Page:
Eleven years after its release on Xbox 360, Alan Wake is considered a modern classic. It was a big budget game, created as a relaxed labor of love, free from the usual constraints of AAA game development. Remedy Entertainment has already taken a big hiatus with Max Payne 1 and 2. They have used the power of the stars to experiment quietly for many years, working on their vision while being funded by Microsoft. Originally considered an open-world survival title, Alan Wake was ultimately streamlined into a linear supernatural thriller experience. The game paved the way for Quantum Break and Control, but it never had a proper sequel. Although released as a standalone title, Alan Wake: American Nightmare felt more like a DLC / vignette type of content with a different protagonist.
The final DLC for Control has sparked renewed interest in the continuation of Alan’s story, which is likely in a secret pipeline somewhere. In the meantime, Remedy has decided to remaster the original for modern PCs and consoles. For the first time, Alan Wake is also available on PlayStation, removing exclusivity from the Microsoft ecosystem. I played the Remaster on PC, eager to see what the developers had done with the technical aspects of the original.
What, no ray tracing? What about HDR?
Frankly, I am a little disappointed with the result. Yes, the game is running at 4K / 60 fps; It supports ultra-wide screens and features significantly improved patterns and textures. Lip sync, primitive in the 2010 version, now works correctly. But the Remaster still lacks the best! There is no ray tracing and HDR, which feels like a missed opportunity given that all the game is about is light source-based combat. I guess the original game engine, which is also used here, was not suitable for this upgrade.
Cutscenes are always capped at 30 fps, which feels awkward when transitioning from smoother gameplay at 60 fps. At least Remedy has implemented DLSS, which is a big step up from traditional anti-aliasing. They also added a FoV tweak and film grain toggle, but they bugged motion blur. If you’re like me (sane person), you tend to turn motion blur off first in any game because you trust your eyes to simulate this effect naturally. If you do that here, you’ll ruin the spectacular spawning effect of the dark creatures you’re fighting all the time. Too bad.
Twin King, Stephen Peaks
Alan Wake Remastered will look like what you think you remember he looked like in 2010. But I didn’t play it for the look. I wanted another passage through a solid supernatural story worthy of the early Twin Peaks spiced with a bit of The Shining, which got unnecessarily complicated at the end. Just to be clear, by “End” I mean the end of the second DLC for the original, The Writer. Both DLC, The Signal and The Writer, are included with the remastered version.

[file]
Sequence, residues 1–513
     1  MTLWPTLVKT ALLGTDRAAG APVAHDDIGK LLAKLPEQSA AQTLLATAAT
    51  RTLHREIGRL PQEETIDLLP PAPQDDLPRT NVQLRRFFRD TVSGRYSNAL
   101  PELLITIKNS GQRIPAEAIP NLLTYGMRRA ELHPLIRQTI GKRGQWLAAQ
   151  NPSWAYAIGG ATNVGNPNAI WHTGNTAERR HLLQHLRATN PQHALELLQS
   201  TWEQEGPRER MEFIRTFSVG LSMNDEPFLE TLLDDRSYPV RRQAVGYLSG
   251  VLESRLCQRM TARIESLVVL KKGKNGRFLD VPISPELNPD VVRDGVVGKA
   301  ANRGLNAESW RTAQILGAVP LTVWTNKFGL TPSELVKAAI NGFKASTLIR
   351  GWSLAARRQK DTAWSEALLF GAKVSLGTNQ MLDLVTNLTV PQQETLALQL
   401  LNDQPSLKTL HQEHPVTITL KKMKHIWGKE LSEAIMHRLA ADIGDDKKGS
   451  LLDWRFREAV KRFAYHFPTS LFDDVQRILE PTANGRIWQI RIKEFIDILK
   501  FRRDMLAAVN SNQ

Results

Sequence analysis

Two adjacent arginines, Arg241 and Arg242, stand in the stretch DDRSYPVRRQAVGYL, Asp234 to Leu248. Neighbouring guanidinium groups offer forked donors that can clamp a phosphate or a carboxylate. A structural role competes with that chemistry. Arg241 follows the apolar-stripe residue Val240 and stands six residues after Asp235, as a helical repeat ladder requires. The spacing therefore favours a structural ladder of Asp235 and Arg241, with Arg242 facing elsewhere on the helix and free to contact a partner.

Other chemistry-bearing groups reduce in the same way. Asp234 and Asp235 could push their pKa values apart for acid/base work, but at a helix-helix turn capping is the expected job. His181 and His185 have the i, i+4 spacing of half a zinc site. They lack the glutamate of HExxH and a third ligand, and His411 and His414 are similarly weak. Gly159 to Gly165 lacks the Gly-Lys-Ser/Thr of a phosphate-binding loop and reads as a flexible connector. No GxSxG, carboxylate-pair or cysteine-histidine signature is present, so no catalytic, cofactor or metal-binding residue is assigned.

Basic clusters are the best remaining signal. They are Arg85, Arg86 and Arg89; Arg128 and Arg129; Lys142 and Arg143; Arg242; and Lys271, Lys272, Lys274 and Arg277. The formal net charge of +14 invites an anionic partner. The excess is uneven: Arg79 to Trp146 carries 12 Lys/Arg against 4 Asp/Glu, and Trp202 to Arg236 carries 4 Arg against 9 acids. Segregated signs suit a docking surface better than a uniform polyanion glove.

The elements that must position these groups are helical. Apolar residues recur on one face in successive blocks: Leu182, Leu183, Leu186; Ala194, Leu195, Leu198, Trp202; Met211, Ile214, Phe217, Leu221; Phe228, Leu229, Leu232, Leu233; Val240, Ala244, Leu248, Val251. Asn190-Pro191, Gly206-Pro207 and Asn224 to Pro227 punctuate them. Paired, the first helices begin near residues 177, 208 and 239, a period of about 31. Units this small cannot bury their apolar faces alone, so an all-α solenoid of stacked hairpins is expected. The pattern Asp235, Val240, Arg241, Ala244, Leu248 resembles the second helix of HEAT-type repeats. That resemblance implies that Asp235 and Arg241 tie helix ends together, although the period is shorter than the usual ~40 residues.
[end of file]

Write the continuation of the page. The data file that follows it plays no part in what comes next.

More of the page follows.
So the story. Alan Wake is a successful novelist suffering from creative block. He tries to remedy this (ha!) By leaving the big city for a vacation in the Pacific Northwest. Specifically, a sleepy little town called Bright Falls. Accompanied by his wife Allice, who has a pathological fear of the dark, he completely ignores the fact that every sleeping little town near the Canadian border has a big, dark secret. He soon discovers that his unwritten novel has come to life. A force from another world kidnaps his wife and puts our reluctant hero on the path of violence mixed with introspection. And a lot of racing through the dark woods.
Different like night and day
Like the original, Alan Wake Remastered channels its own Chris Carter, breaking down into six tense episodes with plenty of cliffhangers. Most of them consist of a “tame” section used to establish the narrative during the day, the night portion being almost exclusively reserved for combat and survival. You will fight the malignant entity which manifests itself as a dark possessing force, capable of inhabiting both people and things. You’ll fight them by removing the protective layer of darkness by first aiming the flashlight at them and shooting them after the shield shatters.
As with all Resident Evil worth its salt, the Resource Mechanism is designed to feel restrictive, but it’s actually generous. You’ll have limited batteries and ammo, but the game will always provide more if you run out of it. Most of the time, you can also flee from danger to any strong light source, where The Taken cannot harm you. The light + lead mechanics are solid, carrying the game to the end.
The excellent writing, characterization, and storytelling set the game apart from most similar games. Alan Wake is a tense guy with a problem that sometimes turns him into an asshole, but you can easily understand his plight. The supporting cast is also strong, although the developers have graciously borrowed many tropes from Twin Peaks.
Is it worth it?
Alan Wake Remastered costs twice as much as the original game which is still available on Steam. Also, it’s exclusive to the Epic store, which coincided with its upgrade that implemented achievements. This doesn’t bode well for my OCD as I like my franchises to be carefully sorted under one roof. Your mileage may vary, but definitely go for Remaster if it’s your first time with Alan Wake.
- A cult classic with a new coat of paint.
- Excellent and satisfying combat mechanic.
- No ray tracing, no HDR and the motion blur is messed up.
- The story gets too strange towards the end.